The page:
10 Books Like ‘The Great Gatsby’ | TheReviewGeek Recommends

10 Books Like The Great Gatsby

There’s something captivating about the roaring 20’s; the glitz and glamour, the pursuit of the American Dream, and the disillusionment that often followed.

F. Scott Fitzgerald’s The Great Gatsby perfectly captures this era, and its themes of wealth, love, and the emptiness of materialism continue to resonate with readers today.

If you’re looking for more books that explore similar themes and evoke the spirit of the 1920s, here are ten recommendations that will transport you to a time of extravagance, ambition, and shattered dreams.

The Day of The Locust by Nathanael West

In Nathanael West’s The Day of The Locust, we’re taken to 1930’s Hollywood, where dreams are manufactured and crushed with equal brutality. The novel follows Tod Hackett, a young artist who becomes entangled in the lives of the desperate and delusional inhabitants of Los Angeles. West’s vivid writing brings to life a cast of characters who are chasing their own versions of the American Dream, only to find themselves trapped in a nightmarish world of disillusionment and decay.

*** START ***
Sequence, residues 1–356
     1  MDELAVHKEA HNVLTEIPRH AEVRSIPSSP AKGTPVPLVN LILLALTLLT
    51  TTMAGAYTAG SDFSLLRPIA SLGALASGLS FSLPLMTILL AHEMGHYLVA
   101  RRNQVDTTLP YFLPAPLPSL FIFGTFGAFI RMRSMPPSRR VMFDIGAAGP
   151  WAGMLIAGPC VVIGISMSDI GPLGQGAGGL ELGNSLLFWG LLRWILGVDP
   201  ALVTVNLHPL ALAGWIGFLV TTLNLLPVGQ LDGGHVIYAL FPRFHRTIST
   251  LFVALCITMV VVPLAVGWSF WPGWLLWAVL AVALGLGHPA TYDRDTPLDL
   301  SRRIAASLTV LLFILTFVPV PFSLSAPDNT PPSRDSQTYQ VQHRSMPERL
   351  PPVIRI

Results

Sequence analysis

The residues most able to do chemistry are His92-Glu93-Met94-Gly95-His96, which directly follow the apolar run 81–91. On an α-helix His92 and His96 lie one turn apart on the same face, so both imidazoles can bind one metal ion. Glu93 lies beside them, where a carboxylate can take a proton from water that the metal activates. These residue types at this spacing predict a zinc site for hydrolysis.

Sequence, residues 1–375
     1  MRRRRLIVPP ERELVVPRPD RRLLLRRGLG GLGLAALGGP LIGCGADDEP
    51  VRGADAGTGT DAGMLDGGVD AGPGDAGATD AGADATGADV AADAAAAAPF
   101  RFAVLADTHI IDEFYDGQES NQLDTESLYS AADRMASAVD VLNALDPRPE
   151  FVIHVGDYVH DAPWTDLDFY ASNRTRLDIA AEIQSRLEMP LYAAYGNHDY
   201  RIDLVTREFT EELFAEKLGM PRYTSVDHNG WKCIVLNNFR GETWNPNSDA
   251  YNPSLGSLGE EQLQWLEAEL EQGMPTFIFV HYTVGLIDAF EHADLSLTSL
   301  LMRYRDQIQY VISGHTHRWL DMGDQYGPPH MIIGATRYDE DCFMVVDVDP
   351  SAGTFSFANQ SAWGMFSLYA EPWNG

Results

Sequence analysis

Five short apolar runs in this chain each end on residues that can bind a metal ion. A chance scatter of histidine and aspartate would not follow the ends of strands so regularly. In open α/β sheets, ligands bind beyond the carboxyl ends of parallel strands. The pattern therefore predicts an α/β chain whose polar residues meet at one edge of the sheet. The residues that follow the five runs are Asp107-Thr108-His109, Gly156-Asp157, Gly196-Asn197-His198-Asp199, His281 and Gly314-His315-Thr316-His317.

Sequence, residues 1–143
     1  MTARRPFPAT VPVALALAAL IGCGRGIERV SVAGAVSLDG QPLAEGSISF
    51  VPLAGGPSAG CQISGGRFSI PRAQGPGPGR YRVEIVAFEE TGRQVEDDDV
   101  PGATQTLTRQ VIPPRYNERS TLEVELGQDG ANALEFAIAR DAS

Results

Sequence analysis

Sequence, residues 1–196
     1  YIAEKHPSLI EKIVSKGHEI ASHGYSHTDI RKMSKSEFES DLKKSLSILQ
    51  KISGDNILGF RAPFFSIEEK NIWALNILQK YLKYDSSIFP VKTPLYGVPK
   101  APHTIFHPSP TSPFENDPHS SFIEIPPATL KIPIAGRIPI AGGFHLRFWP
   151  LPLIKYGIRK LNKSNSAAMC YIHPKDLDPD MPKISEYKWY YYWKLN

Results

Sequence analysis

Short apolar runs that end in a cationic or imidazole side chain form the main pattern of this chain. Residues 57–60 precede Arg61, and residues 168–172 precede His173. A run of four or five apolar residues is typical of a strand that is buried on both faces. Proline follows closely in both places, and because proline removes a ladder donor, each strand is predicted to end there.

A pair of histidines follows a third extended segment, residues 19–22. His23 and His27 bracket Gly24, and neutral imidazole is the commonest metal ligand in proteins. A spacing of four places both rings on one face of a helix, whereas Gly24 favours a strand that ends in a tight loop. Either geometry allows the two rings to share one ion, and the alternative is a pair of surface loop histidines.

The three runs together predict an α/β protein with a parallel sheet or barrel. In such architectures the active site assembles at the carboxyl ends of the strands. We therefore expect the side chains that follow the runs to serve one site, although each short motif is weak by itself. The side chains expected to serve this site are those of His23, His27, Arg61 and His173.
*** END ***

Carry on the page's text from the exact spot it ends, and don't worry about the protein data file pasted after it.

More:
The novel explores the dark underbelly of Hollywood, exposing the hollowness of its glamorous façade. West’s incisive social commentary and bleak portrayal of humanity make Day of The Locust a haunting read that mirrors those themes of disillusionment and despair found in The Great Gatsby.

Garden by The Sea by Merce Rodoreda

Garden by The Sea by Merce Rodoreda is a novel set in post-war Catalonia that follows the intertwined lives of several wealthy and eccentric families. At the core of the novel is Senyoret Francesc and his wife Senyoreta Rosamaria, a wealthy Spanish couple who, along with several friends, spend their summers at their Villa on the Sea. However, their lovely vacation is disrupted by the arrival of a rich family and their beautiful, mysterious daughter.